"When you go against the Saints you know their offense is talented. They’ve been scoring a bunch of points this year so you know you got to have the mindset you’re gonna have to control the ball, you want to try to run clock and you’re gonna have to score points. You can’t force things, you can’t try to score every time you get the ball, you just got to play the circumstances of the game."

    It's well and good that the Giants want to control the clock, but the reality is that the number of teams that try to do that with the Saints is a lot higher than the number who pull it off. New Orleans is averaging almost 35 points a game.

    The Saints are also, however, 30th in pass defense. No team has allowed more fantasy points per game to quarterbacks this year than the Saints.

    In other words, Manning is coming off his best game in a good long while heading into another that screams "shootout."

Baker Mayfield, QB, Cleveland Browns (at OAK)

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    You may not have heard, but Baker Mayfield is kind of a thing now.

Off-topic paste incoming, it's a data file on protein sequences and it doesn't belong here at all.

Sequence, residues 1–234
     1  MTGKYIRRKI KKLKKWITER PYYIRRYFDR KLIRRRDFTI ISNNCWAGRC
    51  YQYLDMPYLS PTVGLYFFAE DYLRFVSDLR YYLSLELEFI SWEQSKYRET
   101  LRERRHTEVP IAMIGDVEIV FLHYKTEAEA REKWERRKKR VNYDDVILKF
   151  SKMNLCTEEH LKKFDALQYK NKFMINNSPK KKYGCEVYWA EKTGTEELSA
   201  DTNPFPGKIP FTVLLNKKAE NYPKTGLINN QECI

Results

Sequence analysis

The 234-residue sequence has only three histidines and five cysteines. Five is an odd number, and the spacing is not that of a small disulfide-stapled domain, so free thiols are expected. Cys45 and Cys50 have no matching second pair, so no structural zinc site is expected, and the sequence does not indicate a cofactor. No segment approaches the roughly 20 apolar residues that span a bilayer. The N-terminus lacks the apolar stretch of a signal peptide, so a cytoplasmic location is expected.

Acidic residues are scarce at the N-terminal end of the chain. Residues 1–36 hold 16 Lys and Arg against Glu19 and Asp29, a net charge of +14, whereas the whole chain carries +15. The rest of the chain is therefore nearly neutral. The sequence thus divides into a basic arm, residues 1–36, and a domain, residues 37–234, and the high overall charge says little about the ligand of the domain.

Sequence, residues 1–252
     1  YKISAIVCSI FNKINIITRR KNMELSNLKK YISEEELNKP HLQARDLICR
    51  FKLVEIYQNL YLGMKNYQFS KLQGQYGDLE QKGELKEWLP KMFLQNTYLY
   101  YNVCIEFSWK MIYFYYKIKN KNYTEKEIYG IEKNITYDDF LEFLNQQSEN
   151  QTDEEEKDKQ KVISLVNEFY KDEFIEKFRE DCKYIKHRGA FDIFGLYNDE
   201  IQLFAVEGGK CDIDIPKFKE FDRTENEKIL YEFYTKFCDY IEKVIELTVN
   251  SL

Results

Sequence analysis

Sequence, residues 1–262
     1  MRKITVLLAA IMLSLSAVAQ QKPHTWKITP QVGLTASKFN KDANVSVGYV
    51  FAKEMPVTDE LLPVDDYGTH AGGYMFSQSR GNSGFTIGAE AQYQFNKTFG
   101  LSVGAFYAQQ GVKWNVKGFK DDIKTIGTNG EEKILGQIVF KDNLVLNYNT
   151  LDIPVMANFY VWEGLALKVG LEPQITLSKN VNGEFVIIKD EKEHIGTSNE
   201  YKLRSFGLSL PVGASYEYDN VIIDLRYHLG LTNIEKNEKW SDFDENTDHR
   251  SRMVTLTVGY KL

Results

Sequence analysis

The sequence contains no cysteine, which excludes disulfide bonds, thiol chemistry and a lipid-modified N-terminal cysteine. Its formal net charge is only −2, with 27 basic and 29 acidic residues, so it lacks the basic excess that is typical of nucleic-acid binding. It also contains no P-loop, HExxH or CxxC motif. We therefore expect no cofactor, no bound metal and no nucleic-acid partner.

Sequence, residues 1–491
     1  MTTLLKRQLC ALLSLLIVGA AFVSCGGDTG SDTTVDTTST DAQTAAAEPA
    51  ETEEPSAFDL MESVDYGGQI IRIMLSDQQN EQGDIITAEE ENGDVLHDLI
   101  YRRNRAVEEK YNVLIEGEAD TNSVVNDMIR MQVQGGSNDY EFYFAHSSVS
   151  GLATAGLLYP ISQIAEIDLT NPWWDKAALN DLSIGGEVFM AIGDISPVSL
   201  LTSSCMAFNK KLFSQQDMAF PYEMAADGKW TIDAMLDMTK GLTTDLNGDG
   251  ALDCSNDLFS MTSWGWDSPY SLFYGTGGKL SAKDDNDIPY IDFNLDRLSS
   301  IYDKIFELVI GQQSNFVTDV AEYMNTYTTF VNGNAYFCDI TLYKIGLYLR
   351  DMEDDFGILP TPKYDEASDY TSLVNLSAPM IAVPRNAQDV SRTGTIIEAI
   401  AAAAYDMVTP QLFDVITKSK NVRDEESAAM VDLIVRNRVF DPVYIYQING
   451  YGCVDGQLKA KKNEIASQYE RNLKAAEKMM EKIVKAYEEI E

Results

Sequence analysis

After leading the Browns to their first win in 635 days, the No. 1 overall pick in the 2018 NFL draft has been named the starter for Cleveland's Week 4 matchup against the Oakland Raiders.

    Wide receiver Jarvis Landry told NFL Network's Ian Rapoport that's going to mean a change in his practice regimen moving forward.

    "I was talking to coach [Todd] Haley this week. I got to turn up the JUGS machine to like eight or nine now, since Baker throws that ball so hard. He threw one to me in the game and I dropped it because I didn't even know how to put my hands, and before I could make the decision, the ball was on me. So, I just realized it's a little bit of a different ball, a lot more velocity, so I definitely got to get on the JUGS for that, and catch as many balls from Baker as possible."